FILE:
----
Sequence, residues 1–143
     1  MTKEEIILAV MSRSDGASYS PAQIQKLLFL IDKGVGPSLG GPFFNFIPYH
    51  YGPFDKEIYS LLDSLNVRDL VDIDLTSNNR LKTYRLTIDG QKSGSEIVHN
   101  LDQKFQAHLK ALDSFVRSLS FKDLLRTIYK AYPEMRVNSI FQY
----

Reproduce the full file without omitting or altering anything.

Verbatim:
Sequence, residues 1–143
     1  MTKEEIILAV MSRSDGASYS PAQIQKLLFL IDKGVGPSLG GPFFNFIPYH
    51  YGPFDKEIYS LLDSLNVRDL VDIDLTSNNR LKTYRLTIDG QKSGSEIVHN
   101  LDQKFQAHLK ALDSFVRSLS FKDLLRTIYK AYPEMRVNSI FQY